Re: That Google DTC is pretty cool

JakeJY wrote:

Henry Richardson wrote:

JakeJY wrote:

A real TC will almost always result in a better image, but the problem with a real TC is you have to first have one and you also have to attach it. Digital teleconverter (or Digital Zoom in Panasonic cameras) comes free with the camera and is a button away.

Kind of off topic, but I wish camera manufacturers can try some of the super resolution modes like Google Pixel does. It's similar to but not quite as demanding as HHHR. By using this only tied to digital zoom, it allows the camera to ignore the unused parts of the sensor area and get a faster burst of images.

https://ai.googleblog.com/2018/10/see-better-and-further-with-super-res.html

I had not heard of that. Pretty cool. Do you think the processors in our cameras can handle it? They can do handheld HDR where they merge several photos while aligning them and many other things. This looks like another area that the camera companies should learn from what is being done in smartphones.

For a 2x zoom, it would only be processing 1/4 of the data that something like HHHR does, so it should help a ton on reducing the processing demands. Might make the feature viable in a lot more cameras. The other thing camera makers need to do is much better AI to reduce motion artifacts. That's something current in-camera HDR mode and HHHR generally does a poor job of doing.

Absent of this, having a continuously variable digital zoom would be useful. My Panasonic only comes with 2x or 4x. 4x is a bit too much, 2x works ok, but it would be much nicer to be able to get other values (even less than 2x). For example, if I want something between 140-280mm (on my 14-140mm), the current digital zoom implementation means I'm unnecessarily throwing away 3/4 of my sensor area to achieve that.

I think Olympus just has 2x, but maybe I have missed something. I have the Panasonic GX7II (GX85) and I have not explored this function yet.

I have GX85 and it has 2x and 4x. It's under MENU > [Rec] > [Digital Zoom]. For quick access, this can be assigned to a function button.

Ummm I have just started doing this (did you read my OP on the topic and my post earlier in this thread about it?) Basically I programmed M size 5 MP into my camera into the 2nd and 3rd slots (1st and 4th slots are both L size.) So what happens when I activate x2 DTC through one of the Fn buttons, I can also use another Fn button to switch from L size to M size and then get a non interpolated result using x2 DTC (well close enough, since it is 5 mp instead of 4 mp). This results in faster burst shooting especially with the fully electronic shutter on my EM10Mk2.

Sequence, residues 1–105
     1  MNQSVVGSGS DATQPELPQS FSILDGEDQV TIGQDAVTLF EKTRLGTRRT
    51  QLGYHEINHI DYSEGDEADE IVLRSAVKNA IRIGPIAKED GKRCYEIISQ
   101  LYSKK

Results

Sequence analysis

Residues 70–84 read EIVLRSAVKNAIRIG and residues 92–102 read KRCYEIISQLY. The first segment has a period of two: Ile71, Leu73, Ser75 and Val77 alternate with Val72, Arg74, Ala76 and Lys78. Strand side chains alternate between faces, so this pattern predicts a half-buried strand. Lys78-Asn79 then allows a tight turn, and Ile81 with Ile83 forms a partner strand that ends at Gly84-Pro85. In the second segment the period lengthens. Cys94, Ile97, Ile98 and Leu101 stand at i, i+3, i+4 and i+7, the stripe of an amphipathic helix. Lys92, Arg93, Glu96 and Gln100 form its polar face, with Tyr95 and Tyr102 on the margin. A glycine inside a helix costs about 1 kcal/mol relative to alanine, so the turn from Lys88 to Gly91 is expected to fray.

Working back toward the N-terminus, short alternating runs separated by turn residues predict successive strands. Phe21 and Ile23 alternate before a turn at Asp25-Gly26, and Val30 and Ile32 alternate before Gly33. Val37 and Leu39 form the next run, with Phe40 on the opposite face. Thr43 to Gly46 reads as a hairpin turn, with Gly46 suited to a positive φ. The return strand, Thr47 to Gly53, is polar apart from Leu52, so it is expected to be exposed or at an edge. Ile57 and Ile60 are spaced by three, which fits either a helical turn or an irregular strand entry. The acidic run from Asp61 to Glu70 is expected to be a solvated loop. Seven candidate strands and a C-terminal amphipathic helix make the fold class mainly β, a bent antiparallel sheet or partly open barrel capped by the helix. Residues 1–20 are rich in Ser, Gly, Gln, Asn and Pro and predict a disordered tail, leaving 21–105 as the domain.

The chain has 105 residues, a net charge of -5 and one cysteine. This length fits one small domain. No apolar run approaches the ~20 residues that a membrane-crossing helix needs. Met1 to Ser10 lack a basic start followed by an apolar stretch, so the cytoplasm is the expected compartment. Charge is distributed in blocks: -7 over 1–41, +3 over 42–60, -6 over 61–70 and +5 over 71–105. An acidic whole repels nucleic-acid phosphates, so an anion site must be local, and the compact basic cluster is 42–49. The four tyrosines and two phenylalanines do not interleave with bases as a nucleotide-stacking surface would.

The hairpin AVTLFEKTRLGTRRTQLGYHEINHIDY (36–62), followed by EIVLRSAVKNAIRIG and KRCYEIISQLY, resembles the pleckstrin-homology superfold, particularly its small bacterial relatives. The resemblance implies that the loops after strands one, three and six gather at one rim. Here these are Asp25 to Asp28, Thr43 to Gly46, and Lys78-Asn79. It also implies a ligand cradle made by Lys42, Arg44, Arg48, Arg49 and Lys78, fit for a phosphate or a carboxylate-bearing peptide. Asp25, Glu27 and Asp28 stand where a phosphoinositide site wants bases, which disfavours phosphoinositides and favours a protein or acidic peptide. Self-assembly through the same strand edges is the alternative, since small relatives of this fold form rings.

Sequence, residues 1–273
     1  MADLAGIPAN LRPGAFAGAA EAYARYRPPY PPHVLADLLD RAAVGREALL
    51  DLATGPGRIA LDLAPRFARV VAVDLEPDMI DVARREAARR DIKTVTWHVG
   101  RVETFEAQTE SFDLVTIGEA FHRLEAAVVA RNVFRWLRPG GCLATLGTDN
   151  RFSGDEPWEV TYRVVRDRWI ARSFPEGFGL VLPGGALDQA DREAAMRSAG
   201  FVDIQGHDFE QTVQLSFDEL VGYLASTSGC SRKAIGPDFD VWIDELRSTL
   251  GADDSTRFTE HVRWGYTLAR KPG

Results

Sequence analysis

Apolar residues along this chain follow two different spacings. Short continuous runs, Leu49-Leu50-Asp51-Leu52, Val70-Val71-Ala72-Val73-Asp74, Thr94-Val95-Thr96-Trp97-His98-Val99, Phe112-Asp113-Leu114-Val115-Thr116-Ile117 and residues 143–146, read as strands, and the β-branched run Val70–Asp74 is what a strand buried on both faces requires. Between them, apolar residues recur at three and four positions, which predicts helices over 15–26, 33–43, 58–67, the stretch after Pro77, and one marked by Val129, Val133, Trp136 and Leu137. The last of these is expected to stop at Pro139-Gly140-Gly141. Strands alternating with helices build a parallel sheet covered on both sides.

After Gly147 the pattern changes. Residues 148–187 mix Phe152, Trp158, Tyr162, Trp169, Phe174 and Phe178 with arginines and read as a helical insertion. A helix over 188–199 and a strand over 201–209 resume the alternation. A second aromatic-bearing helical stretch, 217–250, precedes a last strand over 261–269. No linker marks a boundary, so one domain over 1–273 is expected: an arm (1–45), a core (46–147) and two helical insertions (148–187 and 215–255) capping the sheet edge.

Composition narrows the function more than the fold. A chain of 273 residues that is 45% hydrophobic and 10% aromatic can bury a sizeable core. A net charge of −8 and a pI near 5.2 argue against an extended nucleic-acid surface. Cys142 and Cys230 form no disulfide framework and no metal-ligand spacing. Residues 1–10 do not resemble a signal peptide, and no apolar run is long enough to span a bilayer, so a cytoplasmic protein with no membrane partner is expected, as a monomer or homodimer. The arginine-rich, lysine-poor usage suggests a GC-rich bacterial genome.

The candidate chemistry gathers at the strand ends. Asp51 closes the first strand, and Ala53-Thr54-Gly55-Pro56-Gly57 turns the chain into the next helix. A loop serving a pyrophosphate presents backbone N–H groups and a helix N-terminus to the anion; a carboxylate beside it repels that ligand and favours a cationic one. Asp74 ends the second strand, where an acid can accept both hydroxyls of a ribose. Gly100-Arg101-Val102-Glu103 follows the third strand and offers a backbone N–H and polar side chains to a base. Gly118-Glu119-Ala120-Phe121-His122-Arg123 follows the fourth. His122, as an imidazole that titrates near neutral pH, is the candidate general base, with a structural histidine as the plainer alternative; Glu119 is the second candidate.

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In the councils of government, we must guard against the acquisition of unwarranted influence, whether sought or unsought, by the military industrial complex. The potential for the disastrous rise of misplaced power exists and will persist. We must never let the weight of this combination endanger our liberties or democratic processes. We should take nothing for granted. Only an alert and knowledgeable citizenry can compel the proper meshing of the huge industrial and military machinery of defense with our peaceful methods and goals, so that security and liberty may prosper together.
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OutsideTheMatrix
OutsideTheMatrix Veteran Member • Posts: 7,851
Re: 3000mm or 4000mm

Henry Richardson wrote:

Max Iso wrote:

It's definitely an interesting feature but i think more so for video. I don't know what the exact crop increase is but since video "rez" output doesn't change from full sensor to ETC, it turns into a pretty neat feature.

Turning on ETC and digital IS on a 4k body is pretty amazing, in the near future im going to try it out on my 1250mm C90 scope. Not sure what the final FL will be but im guessing 3000mm+, maybe even 4000mm.

I think Nikon has a small sensor camera with a very, very long zoom. 3000mm or so. With your scope you could play around and get some interesting photos, I think. Use your imagination. Probably not great for boring bird photos, but be creative is my suggestion.

I have the Nikon P900 and I believe the camera you are referring to is the Nikon P1000.  The Nikon P950 is the camera that supports 4K30 video.  What I dont know and want to find out is if any camera supports in camera cropping of 2K (for 1080P) videos or in camera cropping of 4K videos.  I dont think any M43 cameras do or any camera of the Nikon P series for that matter?

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In the councils of government, we must guard against the acquisition of unwarranted influence, whether sought or unsought, by the military industrial complex. The potential for the disastrous rise of misplaced power exists and will persist. We must never let the weight of this combination endanger our liberties or democratic processes. We should take nothing for granted. Only an alert and knowledgeable citizenry can compel the proper meshing of the huge industrial and military machinery of defense with our peaceful methods and goals, so that security and liberty may prosper together.
-Dwight D. Eisenhower, 1961

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OutsideTheMatrix
OutsideTheMatrix Veteran Member • Posts: 7,851